Victoria was the daughter of Prince Edward, Duke of Kent and Strathearn, the fourth son of King George III. Both the Duke and the King died in 1820, and Victoria was raised under close supervision by her mother, Princess Victoria or Saxe-Coburg-Saalfeld. She inherited the throne at the age of 18, after her father’s three elder brothers had all died, leaving no surviving legitimate children. The United Kingdom was already an established constitutional monarchy, in which the sovereign held relatively little direct political power. Privately, Victoria attempted to influence government policy and ministerial appointments; publicly, she became a national icon who was identified with strict standards of personal morality.

    Victoria married her first cousin, Prince Albert of Saxe-Coburg and Gotha in 1840. Their nine children married into royal and noble families across the continent, tying them together and earning her the soubriquet “the grandmother of Europe.” After Albert’s death in 1861, Victoria plunged into deep mourning and avoided public appearances. As a result of her seclusion, republicanism temporarily gained strength. However, when she was assassinated by a radical republican in 1872, the popularity of the monarchy recovered, as did her posthumous popularity.

    She was the last British monarch of the House of Hanover. Her son and successor, Edward VII, initiated the House of Saxe-Coburg and Gotha, the line of his father.


    Victoria 1872.jpg
    Queen Victoria shortly before her assassination.

    Assassination

    On the last day of February 1872, tow days after a thanksgiving service for the recovery of Edward from typhoid, Victoria was travelling in her carriage through London with her confidant John Brown in attendance. As they approached Buckingham Palace, the carriage was attacked by 17-year-old Arthur O'Connor, the great-nephew of the late radical MP Feargus O'Connor, who fired three shots from a pistol. Brown was killed instantly and Victoria herself was pronounced dead half an hour later.
     
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  3. Falkenburg CMII & Bar Donor

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    Intriguing.

    I have no idea as to the specifics of how you see this unfolding but it seems to me you don't necessarily have to go back as far as the 1870s.

    A different Post War evolution would take you to a similar destination.

    The occasional narratively fortuitous death and/or incapacitation would be all that's required to 'clear the field' for a more consistently successful 'Social Democratic' societal model.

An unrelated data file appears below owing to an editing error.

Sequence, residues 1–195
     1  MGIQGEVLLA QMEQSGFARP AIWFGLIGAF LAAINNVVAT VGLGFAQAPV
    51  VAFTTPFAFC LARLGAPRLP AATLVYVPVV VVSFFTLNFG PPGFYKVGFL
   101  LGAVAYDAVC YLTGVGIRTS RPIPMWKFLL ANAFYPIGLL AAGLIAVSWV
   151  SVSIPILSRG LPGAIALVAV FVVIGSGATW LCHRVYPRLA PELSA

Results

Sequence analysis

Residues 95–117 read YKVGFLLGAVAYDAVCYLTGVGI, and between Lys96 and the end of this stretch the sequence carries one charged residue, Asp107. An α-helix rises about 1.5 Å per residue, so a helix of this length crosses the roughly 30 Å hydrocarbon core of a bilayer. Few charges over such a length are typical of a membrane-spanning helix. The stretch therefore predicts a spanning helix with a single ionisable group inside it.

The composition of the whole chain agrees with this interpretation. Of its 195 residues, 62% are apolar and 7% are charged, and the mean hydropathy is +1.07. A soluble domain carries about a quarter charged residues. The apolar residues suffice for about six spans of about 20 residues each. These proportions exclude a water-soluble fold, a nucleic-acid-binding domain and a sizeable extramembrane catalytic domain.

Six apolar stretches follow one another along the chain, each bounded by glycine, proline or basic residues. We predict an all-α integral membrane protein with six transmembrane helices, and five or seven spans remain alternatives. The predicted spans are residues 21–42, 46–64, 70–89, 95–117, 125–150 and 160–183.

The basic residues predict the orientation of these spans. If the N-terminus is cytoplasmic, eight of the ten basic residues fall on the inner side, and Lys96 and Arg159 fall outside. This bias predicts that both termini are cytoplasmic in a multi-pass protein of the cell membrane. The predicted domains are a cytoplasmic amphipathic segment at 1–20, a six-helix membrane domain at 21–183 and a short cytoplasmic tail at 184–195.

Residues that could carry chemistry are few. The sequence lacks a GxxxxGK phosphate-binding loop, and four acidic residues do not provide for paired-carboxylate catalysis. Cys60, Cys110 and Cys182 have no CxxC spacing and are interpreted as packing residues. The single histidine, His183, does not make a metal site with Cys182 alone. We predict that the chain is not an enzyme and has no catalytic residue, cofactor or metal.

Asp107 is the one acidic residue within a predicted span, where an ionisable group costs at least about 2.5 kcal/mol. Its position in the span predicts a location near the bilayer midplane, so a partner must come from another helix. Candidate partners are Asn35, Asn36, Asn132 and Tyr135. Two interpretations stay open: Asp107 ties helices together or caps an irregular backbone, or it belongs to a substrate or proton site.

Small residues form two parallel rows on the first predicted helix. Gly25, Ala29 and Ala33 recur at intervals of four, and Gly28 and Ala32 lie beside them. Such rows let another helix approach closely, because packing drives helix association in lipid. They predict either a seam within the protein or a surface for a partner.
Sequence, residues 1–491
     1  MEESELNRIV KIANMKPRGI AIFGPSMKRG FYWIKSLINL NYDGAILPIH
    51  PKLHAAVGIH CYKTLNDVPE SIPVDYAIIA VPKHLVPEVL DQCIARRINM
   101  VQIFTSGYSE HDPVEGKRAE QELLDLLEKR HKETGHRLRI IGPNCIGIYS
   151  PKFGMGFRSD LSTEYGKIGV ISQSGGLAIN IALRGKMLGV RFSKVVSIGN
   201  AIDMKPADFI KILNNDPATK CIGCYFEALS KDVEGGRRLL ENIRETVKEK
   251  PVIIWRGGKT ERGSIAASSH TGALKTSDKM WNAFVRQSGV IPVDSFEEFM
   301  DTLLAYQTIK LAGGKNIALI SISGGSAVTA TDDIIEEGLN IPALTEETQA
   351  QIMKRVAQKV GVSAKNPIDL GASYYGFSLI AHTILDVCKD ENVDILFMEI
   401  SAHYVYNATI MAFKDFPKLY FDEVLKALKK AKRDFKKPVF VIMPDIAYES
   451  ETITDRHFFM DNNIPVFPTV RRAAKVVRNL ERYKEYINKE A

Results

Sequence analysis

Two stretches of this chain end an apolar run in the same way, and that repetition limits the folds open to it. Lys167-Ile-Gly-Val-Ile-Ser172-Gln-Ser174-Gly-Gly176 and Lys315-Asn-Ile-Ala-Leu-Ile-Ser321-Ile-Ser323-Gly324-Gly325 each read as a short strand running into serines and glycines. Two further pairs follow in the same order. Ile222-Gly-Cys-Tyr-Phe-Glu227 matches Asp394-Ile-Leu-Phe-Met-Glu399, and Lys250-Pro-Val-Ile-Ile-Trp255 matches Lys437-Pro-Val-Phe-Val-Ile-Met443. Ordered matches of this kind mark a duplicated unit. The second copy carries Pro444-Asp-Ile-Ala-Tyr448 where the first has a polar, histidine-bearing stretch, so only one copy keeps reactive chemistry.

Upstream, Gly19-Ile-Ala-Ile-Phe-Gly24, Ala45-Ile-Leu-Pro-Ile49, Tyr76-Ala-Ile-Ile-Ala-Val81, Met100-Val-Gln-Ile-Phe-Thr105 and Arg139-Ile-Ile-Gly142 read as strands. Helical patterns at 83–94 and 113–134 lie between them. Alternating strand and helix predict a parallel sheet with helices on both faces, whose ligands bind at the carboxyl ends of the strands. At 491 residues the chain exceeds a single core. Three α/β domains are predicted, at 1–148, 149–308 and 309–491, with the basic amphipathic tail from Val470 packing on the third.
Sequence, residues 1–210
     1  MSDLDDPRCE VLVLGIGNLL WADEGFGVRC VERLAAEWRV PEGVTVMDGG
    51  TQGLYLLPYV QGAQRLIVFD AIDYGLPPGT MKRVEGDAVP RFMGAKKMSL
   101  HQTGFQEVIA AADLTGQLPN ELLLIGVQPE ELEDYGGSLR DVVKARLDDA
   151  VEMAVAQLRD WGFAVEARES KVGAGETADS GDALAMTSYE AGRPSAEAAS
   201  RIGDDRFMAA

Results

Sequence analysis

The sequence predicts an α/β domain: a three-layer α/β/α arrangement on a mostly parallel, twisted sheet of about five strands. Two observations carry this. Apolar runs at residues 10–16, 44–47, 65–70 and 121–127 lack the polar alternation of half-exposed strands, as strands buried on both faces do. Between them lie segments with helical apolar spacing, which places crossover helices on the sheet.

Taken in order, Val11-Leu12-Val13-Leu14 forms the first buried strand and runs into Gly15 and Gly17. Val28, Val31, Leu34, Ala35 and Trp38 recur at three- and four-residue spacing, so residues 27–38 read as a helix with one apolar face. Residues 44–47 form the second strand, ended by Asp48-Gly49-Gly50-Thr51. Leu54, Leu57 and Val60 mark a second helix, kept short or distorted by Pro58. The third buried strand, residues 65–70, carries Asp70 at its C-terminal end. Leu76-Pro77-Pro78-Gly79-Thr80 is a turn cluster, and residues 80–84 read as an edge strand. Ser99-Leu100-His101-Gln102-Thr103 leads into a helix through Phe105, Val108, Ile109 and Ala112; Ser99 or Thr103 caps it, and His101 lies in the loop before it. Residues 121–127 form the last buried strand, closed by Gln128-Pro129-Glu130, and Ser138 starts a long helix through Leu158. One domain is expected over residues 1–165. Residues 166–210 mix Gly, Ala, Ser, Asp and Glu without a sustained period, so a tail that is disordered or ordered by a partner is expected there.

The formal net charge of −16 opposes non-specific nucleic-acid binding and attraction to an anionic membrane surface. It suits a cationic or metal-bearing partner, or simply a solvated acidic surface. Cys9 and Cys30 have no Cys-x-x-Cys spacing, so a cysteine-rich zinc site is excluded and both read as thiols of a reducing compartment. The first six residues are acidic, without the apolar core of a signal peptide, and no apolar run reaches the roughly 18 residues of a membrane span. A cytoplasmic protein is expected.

Post War Reconstruction, Decolonisation, etc, can unfold along lines similar to OTL (if more 'conscientious' from a SD perspective), or you could even use such situations to further undermine SD opponents if they were the architects of any 'unpleasantness'.

    So long as 'Social Democracy' can be established as a plausible alternative in time to reap the benefits of the economic growth of the 60s it would be in a strong position to shape the expectations and priorities of the OTL demographic surge.

    From there legislation and provision could be utilised to realise your vision before receiving a timely boost from North Sea Oil & Gas in time to subsidise industrial re-alignment/modernisation (or Social Programmes, or be salted away a la Norway).

    I only mention such things as it would seem to save you an enormous amount of work by eliminating decades of changes to OTL.

    However I remain interested in how you propose to get form there to 'here' and await your next Post.

    EDIT: Ninja'ed by OP
    One cannot help wonder what impact such a demonstrably Irish assassin will have on Irish Parliamentary influence and strategy.
     
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  4. Threadmarks: Gladstone Ministry (1868-1874)

    Rattigan Well-Known Member

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    1868.jpg
    Gladstone.jpg

    Following the passing of the Irish Church Resolutions by the Liberals in 1868 over the heads of the Conservative government, Benjamin Disraeli took the hint and called a general election. With the Liberals now united after the passing of the 1867 Reform Act, they increased their seats in the Commons and Gladstone was asked to form a ministry, famously receiving notice of the election results while chopping wood at his estate.